At the end of October, US Senator Tammy Baldwin (WI) reintroduced the “Made in America Shipbuilding Act” (S. 4687). Her reasoning is straightforward: “Manufacturing jobs have created shared prosperity for generations and strengthened the economic security of hard-working families across.” The way she sees things, prioritizing American workers and products protects economic progress.
“Strong Buy American standards drive local economic growth and create good-paying jobs that support Wisconsin families. And because American workers are the best in the world, these standards also ensure that the federal government, including our military, purchases the highest quality ships and parts needed to carry out its various missions. The Made in America Shipbuilding Act is about doing right by workers in Wisconsin, and I am urging my Senate colleagues to support this legislation,” -Sen. Baldwin
Making American Tax Dollars Work for US Manufacturers
If the government uses US taxpayer dollars to fund a shipbuilding contract, Baldwin’s stance is that they should be built on American soil, by skilled American workers with domestically sourced materials (e.g. steel and aluminum) and critical shipboard components that are made in the USA. This is the latest installment in the Wisconsin Senator’s long history of advocacy for domestic Labor and Manufacturing.
While current policy requires that naval ships are built at domestic shipyards (requiring that at least 50% of the materials and components they are built with are American Made); the proposed legislation would enhance Buy American requirements by extending the existing regulations to cover every class of ship ordered by any government agency. Moreover, it would require that federal shipbuilding orders are completed using “substantially all” domestically sourced materials and components—raising the requirement to 75% by Oct. 2021 and to 100% by Oct. 2026.
Domestic Shipbuilding’s Strategic Importance
In a statement addressing the bill’s importance, George Williams, CEO of the American Shipbuilding Suppliers Association (ASSA), said, “As a nation, we’re currently struggling to manufacture adequate health care materials to protect our nation; we don’t want to be in the position where we can’t design, build and equip US warships without a dependency on other countries.” As both a longtime supplier of America’s shipbuilders and more recently, an advocate for the prosperity of manufacturing workers—Laser Photonics Corporation both commends Senator Baldwin for bringing this legislation to the floor and stands with the ASSA in defense of its importance.
Echoing the ASSA’s analysis of Supplier Base Sustainment and Expansion, Laser Photonics CEO, Wayne Tupuola, added, “If we want to bring the Defense Department’s vision for the 355+ ship Navy into fruition, we must apply the same stipulations requiring that vessels are manufactured on US soil to the critical shipboard components, systems, and materials used to assemble them. Doing so will ensure that America’s shipbuilding industrial base—and its workforce—is adequately prepared to fulfill the oncoming volume of contracts.”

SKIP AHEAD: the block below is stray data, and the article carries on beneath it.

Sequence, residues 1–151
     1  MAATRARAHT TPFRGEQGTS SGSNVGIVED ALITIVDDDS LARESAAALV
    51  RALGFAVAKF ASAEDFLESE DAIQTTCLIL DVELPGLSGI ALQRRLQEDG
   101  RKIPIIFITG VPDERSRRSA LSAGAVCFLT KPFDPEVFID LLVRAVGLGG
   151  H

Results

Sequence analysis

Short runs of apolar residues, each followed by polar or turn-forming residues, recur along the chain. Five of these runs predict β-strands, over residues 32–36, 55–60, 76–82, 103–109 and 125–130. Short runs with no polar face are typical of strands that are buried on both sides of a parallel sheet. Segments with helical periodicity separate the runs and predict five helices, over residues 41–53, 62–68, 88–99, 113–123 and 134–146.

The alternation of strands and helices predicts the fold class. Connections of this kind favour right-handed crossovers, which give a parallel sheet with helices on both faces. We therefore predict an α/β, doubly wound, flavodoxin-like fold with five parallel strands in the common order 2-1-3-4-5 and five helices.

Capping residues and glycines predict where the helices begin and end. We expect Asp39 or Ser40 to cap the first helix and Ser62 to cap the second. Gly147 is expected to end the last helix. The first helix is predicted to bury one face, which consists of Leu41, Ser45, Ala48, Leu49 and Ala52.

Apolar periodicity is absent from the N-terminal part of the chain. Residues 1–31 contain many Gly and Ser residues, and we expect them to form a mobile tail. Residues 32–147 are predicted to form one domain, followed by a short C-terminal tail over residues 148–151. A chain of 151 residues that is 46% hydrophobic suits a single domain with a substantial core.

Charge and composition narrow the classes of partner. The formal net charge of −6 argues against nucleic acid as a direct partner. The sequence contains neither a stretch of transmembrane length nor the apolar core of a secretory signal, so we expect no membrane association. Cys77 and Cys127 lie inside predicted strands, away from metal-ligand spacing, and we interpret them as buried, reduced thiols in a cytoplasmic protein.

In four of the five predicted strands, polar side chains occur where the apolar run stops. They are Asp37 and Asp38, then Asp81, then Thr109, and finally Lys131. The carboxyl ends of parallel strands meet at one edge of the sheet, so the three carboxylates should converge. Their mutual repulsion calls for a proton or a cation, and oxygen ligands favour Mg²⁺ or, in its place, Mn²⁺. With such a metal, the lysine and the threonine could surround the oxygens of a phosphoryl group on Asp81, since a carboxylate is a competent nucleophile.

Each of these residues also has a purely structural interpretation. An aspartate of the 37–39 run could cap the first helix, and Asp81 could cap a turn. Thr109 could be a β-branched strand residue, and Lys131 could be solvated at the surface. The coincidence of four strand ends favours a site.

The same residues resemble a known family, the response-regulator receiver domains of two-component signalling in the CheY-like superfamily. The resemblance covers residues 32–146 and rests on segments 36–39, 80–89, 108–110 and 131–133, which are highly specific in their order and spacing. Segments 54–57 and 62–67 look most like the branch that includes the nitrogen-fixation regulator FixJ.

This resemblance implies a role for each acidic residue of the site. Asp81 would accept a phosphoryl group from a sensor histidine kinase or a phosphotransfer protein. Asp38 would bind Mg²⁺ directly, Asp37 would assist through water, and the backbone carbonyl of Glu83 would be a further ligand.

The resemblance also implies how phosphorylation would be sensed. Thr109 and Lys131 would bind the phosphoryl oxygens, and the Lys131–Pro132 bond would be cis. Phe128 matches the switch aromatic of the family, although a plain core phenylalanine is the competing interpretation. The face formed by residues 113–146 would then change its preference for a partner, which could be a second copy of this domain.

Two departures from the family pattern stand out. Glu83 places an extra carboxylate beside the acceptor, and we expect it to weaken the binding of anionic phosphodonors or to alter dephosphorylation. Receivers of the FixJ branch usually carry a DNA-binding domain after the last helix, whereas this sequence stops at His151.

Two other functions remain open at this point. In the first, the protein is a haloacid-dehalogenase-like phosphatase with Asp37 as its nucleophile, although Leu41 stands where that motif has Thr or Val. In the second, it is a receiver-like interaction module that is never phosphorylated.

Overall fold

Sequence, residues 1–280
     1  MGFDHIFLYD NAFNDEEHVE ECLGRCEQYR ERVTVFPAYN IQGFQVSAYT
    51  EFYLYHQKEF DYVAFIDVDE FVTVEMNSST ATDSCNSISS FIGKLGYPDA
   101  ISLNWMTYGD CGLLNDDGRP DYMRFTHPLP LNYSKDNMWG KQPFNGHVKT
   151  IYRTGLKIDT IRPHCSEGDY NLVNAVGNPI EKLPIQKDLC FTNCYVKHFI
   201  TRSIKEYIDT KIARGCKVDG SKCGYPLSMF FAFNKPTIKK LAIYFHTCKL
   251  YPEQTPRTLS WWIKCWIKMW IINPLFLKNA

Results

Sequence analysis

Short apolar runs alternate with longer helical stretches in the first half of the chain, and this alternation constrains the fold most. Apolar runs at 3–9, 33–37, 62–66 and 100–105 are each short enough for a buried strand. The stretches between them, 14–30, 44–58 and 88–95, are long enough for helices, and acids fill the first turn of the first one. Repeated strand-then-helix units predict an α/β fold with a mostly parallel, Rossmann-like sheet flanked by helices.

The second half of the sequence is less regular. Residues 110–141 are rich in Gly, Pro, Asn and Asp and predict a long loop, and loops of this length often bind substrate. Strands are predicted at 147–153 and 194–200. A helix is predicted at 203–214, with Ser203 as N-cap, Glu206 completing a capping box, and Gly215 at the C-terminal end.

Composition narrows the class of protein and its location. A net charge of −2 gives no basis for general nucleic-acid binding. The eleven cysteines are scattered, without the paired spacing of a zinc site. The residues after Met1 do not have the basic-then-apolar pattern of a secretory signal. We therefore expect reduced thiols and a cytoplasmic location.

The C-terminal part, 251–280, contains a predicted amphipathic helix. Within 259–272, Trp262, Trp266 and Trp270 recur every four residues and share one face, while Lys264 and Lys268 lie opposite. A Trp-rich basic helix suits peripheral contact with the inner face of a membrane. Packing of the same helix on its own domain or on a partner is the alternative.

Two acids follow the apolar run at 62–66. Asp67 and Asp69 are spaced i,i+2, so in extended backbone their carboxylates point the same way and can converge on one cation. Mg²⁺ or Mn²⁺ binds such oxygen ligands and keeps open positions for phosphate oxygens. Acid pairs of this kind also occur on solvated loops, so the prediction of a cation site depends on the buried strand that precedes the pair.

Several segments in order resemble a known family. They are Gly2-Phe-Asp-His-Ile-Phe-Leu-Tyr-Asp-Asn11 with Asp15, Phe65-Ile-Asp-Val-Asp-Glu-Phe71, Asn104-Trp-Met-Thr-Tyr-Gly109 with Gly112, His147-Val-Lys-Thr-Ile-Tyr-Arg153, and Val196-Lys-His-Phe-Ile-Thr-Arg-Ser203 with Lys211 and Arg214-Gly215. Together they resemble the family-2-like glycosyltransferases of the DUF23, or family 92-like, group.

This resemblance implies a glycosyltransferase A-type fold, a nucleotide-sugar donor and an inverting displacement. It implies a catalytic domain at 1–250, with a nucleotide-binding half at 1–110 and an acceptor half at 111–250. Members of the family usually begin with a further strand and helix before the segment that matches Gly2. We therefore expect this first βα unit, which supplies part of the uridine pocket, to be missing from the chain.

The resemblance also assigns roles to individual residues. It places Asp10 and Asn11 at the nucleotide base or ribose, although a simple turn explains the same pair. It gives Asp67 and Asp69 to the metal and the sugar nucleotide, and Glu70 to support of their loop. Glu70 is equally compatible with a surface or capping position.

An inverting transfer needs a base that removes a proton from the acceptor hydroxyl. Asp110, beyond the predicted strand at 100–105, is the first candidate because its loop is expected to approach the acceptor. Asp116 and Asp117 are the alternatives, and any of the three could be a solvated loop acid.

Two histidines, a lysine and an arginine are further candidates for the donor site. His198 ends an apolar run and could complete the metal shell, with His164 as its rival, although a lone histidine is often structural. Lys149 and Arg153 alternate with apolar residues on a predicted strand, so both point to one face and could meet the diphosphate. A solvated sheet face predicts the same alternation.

Protectionism, In Defense Of Liberty
Tupuola, noted, “Beyond the unfair bidding advantage foreign parts manufacturers have against our domestic base due to lax occupational safety and environmental regulations, offshore suppliers pose additional threats to the security and integrity of the ships they help produce,” in a statement detailing the proposed legislation’s significance. Continuing, he explained:
“Oftentimes, foreign suppliers lack the infrastructure in close proximity to US Naval Bases necessary to quickly answer support requests as they arise. Because foreign competitors are not bound by all the regulatory frameworks governing our domestic suppliers, the Navy and Coast Guard risk the obsolescence—or even outright unavailability—of critical components over the lifespan of their ships depending on foreign suppliers’ experience in supporting after-market requirements. Sourcing them from American suppliers drastically reduces these risks.”
Shoring in Maritime Supply Chains with Future Tech
Laser Photonics researches and builds equipment to aid shipbuilding and maintenance initiatives in the maritime industry. Laser Cleaning is a new technology disrupting and effectively replacing, environmentally hazardous processes like sandblasting, chemical cleaning, or abrasive blasting. It eliminates the health risks associated with sandblasting and chemical cleaning equipment. Surface preparation and corrosion control are critical facets of shipbuilding. Laser Photonics takes pride in enabling manufacturers and suppliers to perform them at a higher frequency and with greater precision—without compromising the well-being of skilled American workers. Adopting laser-based systems increases throughput and manufacturing costs by drastically lowering production time. Lasers are suited for contamination removal, surface restoration, inventory tracking and management, permanent service, and quality markings, in addition to a number of unique scenarios.
Closing his statement, Tupuola added, “Our team of Applications Engineers can streamline your production processes and poise your business to win upcoming shipbuilding bids by incorporating customized laser cleaning, cutting and marking systems into your production processes from the only American laser manufacturer worth considering.”